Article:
Rocky Mountain Juniper

doccod(Z5-6 NM)March 10, 2006

Does anyone have experience growing these trees? I just received 50 of these trees as seedlings (6-12") from the State of New Mexico Forestry.

I am going to use these trees for a windbreak, and have 8" wide x 10" deep post holes dug every 2' on a hundred foot row. I know this spacing seems too close, but I thought I can thin when the trees become established.

I have hard, red, clay soil here, should I amend the soil in the holes? How about watering, ferilizer? I have read some many varing opinions about propagation on the internet..

I want these trees to grow as fast as possible, and have plenty of water and soil amendments available.

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Artful_Gardener(Z4 CO MTN)

My limited experience is that these are not fast growers, and don't like transplanting. They like very little water. I think 2 ft is waaay too close, even if you're going to move. You'll destroy too many roots when you move them. I've lost 2 out of 15 I've planted for clients, hard to get the water just right. Hope you have better luck! You might call Fort Collins Nursery at 800-794-1289 for information. They grow them very successfully.

    Bookmark   March 14, 2006 at 10:12AM
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paintergurl

My suggestion is to NOT plant them at 2ft intervals - that is too close unless you are going to chop down 2/3 of them. As artful_gardener said, they do not transplant well and they will fill in the space quicker than you can imagine! I got mine as little twigs 2 springs ago (about 6-8 inches tall) - now they are about 3 ft tall and 2 ft across. I only watered them the first year, and they survived last year on their own. Interestingly, they have put on a LOT of growth over this past winter (since last Oct), so make sure you water them all year the first year.

DO NOT amend the holes if you have heavy clay soil. The roots will never grow out of the planting hole if you do this! We have realtively heavy clay soil too. The previous owners of our home did this with several trees - I finally pulled them out last year because these trees were just not thriving, even though the owners said they'd been in the ground for almost 7 years. The planting hole was easy to see and it was filled with potting soil (!!) - and the roots of these poor trees were confined to the planting hole - the roots had wrapped themselves around and around in the hole, but had not ventured out into the clay.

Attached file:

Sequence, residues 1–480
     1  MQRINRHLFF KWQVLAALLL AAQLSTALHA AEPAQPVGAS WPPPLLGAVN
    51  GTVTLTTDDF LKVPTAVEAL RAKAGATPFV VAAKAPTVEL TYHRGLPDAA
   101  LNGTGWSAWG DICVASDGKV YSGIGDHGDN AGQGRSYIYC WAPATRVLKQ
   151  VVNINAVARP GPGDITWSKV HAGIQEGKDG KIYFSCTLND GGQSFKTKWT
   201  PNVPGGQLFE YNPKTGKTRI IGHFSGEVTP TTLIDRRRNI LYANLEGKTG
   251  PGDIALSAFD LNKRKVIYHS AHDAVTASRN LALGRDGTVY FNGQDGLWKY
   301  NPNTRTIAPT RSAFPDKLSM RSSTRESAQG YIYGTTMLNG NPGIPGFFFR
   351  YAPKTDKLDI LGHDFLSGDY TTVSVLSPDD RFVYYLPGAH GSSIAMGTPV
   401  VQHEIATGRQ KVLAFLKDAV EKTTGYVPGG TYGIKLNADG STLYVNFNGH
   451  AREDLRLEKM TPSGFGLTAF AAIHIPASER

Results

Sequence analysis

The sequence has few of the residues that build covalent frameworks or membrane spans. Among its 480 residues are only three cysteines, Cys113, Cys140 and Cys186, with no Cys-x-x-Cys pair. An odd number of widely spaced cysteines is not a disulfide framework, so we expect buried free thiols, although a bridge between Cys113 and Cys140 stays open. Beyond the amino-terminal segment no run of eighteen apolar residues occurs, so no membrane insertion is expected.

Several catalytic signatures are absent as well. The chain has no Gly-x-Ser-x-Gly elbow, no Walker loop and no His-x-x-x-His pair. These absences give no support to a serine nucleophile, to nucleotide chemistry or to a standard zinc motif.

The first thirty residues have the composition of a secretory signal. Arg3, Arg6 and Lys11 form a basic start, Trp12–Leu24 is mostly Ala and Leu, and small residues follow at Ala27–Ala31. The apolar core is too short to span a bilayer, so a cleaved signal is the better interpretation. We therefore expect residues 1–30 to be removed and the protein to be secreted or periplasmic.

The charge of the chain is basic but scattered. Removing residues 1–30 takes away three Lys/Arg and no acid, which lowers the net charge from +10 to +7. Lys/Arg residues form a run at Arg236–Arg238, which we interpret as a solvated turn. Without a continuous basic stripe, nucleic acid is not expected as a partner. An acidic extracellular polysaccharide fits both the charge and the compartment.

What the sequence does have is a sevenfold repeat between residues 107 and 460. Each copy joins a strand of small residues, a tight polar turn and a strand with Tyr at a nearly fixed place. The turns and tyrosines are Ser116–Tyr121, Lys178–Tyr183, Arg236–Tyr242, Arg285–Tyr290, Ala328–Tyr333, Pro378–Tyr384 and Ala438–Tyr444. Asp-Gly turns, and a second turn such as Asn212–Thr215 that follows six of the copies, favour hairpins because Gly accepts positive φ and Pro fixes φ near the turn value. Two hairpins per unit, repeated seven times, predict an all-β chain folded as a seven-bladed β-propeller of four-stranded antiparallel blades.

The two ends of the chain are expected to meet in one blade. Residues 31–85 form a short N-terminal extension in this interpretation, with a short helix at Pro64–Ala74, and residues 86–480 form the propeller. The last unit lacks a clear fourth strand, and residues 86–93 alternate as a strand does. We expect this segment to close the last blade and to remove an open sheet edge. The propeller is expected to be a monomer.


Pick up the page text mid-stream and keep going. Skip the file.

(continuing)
Now I plant ALL of my perennials, shrubs, and trees directly into the unamended dirt. The only thing I do different is for roses, and those I top-dress with manure.

Hope that helps!

Nancy

    Bookmark   March 30, 2006 at 9:06AM
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doccod(Z5-6 NM)

Thank you both for the advice. Unfortunately, I had already planted them before I got any posts.

I did plant them 2 ft apart, but if they need thinning, I will have no problem cutting some out. I have such a high attrition rate here with seedlings from gophers, rabbits and deer, I always overplant.

I also amended the heavy clay soil (OOPS) but I only used about one third compost (cottonburr compost) to two parts soil.

I am glad to hear about the rapid growth rate Nancy experienced, I have heard differing accounts of the growth rate, I was expecting much less.

Thanks again

    Bookmark   March 30, 2006 at 4:54PM
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doccod(Z5-6 NM)

Just a follow up, 2 years and now the trees are almost 3 feet tall, just beggining to touch each other. I had drip irrigation installed and water during prolong dry periods (even in the winter). I have only lost 2 of the 50, and I think this was from the boy dogs peeing on them.

It's a good looking little windbreak now, and starting to collect snow in the winter. I bet it will gain a least a foot in height this summer.

    Bookmark   February 26, 2008 at 2:29PM
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